5. “Supernature” by Cerrone: This track is a fun yet creepy dance number with lyrics that tell a story about the downfall of humanity. Over a haunting disco backing, you’ll hear lyrics about mutant creatures created from science gone wrong hunting down humanity. Better watch out! Despite the grim setting, it’s definitely very danceable, and who doesn’t love a quick apocalyptic dance break? I would advise listening to a shorter version, especially so if you’re playing this at a function — unless you’re looking to get kicked off the aux cord. – Trey
  6. “The House on Shady Lane” by Plain White T’s: Although Plain White T’s are far from the center of the spotlight, and although this song screams obscurity, from top to bottom, this track is spook-central. With an ample supply of eerie sound effects and a storyline of being chased by a ghost lady in white in an ancient house, which is as old as the idea of the haunted house itself, it could be considered over the top. However, Plain White T’s fully commit to the bit, and this is what saves the track. The song mixes a synth orchestra and echoey backing vocals, and, yes, lifts liberally from classic Halloween films and television, such as “The Addams Family,” as well as playing on the song “ring-around-the-rosey,” which is spooky enough on its own. All of this adds up to a perfectly petrifying tune to add to your playlist. – Savannah
  7. “Mysteries and Mayhem” by Kansas: With a title like “Mysteries and Mayhem,” how could you not add this to a scary playlist? It’s got everything: an ominous opening chord which crescendos as our unease grows, the marriage of clavinet with heavy guitar riffage, violin squeals and a story centered around a haunting nightmare that follows all the horror movie tropes. There’s the “figure dressed in black,” “legs made out of lead” and “a voice that [makes] no sound.” Creepy stuff, and the images are perfectly conveyed by the dual lead vocalists. Robby Steinhardt sings everything with a sinister flair as though he were the villain of the piece while Steve Walsh tries to keep a cool demeanor, only for his fear to slip through and become palpable as he dips into his upper register. – Connor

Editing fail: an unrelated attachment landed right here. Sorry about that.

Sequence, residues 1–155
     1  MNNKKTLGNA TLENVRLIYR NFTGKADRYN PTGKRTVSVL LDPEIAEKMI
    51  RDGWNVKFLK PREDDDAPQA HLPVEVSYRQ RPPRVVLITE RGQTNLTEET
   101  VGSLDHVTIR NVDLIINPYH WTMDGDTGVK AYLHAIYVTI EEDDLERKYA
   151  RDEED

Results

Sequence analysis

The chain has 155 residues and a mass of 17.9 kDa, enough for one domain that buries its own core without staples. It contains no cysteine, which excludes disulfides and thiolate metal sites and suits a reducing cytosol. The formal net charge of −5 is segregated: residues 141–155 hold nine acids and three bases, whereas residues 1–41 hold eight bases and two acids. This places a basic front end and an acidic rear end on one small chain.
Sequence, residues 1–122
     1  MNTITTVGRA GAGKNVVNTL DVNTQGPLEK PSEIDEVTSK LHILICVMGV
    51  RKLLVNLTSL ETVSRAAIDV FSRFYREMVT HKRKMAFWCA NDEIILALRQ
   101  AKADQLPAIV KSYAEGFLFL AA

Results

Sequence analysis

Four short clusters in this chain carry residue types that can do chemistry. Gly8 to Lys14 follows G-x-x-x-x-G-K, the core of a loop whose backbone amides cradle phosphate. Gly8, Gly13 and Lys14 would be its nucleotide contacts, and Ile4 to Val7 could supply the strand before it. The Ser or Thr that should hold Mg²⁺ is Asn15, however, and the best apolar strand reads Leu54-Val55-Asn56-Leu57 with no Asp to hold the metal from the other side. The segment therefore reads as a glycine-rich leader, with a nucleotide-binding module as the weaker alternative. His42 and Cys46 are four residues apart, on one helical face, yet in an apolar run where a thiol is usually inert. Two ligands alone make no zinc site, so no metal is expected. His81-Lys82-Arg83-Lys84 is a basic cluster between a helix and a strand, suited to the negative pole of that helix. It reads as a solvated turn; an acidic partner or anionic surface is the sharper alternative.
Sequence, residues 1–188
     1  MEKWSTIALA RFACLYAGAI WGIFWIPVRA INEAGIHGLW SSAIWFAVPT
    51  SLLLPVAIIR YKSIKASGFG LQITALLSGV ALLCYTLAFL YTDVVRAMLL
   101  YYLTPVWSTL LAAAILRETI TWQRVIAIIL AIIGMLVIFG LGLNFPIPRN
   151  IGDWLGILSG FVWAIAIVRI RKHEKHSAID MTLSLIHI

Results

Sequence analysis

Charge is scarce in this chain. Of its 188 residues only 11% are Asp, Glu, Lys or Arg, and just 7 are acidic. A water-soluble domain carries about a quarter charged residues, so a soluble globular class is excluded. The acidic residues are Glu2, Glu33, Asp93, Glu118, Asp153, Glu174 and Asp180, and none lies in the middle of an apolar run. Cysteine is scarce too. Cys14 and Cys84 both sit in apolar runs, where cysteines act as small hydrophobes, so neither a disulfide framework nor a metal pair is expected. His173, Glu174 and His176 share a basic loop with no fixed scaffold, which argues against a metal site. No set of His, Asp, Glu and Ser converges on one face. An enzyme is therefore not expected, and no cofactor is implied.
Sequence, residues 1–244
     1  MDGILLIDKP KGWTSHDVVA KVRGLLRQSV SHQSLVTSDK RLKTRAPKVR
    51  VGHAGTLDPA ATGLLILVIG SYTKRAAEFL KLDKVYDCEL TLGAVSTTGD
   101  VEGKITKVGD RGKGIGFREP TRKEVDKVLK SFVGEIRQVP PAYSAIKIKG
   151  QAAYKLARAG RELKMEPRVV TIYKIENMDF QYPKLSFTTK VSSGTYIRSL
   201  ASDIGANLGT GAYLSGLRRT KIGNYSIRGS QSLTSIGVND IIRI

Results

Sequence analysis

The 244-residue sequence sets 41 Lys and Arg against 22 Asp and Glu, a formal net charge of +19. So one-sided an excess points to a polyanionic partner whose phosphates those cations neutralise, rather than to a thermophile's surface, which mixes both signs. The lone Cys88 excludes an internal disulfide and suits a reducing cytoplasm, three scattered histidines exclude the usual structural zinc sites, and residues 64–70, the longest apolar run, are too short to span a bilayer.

8. “In-A-Gadda-Da-Vida” by Iron Butterfly: This 1968 song clocks in at just over 17 minutes, so it’s definitely not for the faint of heart. With its driving organ groove and arpeggios inspired by Bach’s “Toccata and Fugue in D Minor,” it is easy to associate this song with horror. The intense organ-playing of Doug Ingle is often layered underneath haunting guitar screeches, and drummer Ron Bushy solos for no less than two and a half minutes. The origin of the song is almost as intriguing as the song itself, as Ingle wrote the song one evening while drinking an entire gallon of Red Mountain wine. This inebriated state made him slur the intended title of “In the Garden of Eden,” leading to the title that is known today. The song is even credited as being the first heavy metal song, solidly earning its place on this list. – Adam
  9. “Get Out of My House” by Kate Bush: I am outing myself as a Kate Bush mega-fan here, but this chilling song from “The Dreaming” is a must-listen. Its repetitive chanting, screaming and otherwise haunting lyrics may give you goosebumps, but this is nothing when compared to the way Kate Bush goes off the deep end near the end of the song. She changes into a metaphorical mule exiting the song with a slow fade of “hee-haw” mule sounds. Creepy, confusing, Kate Bush. – Trey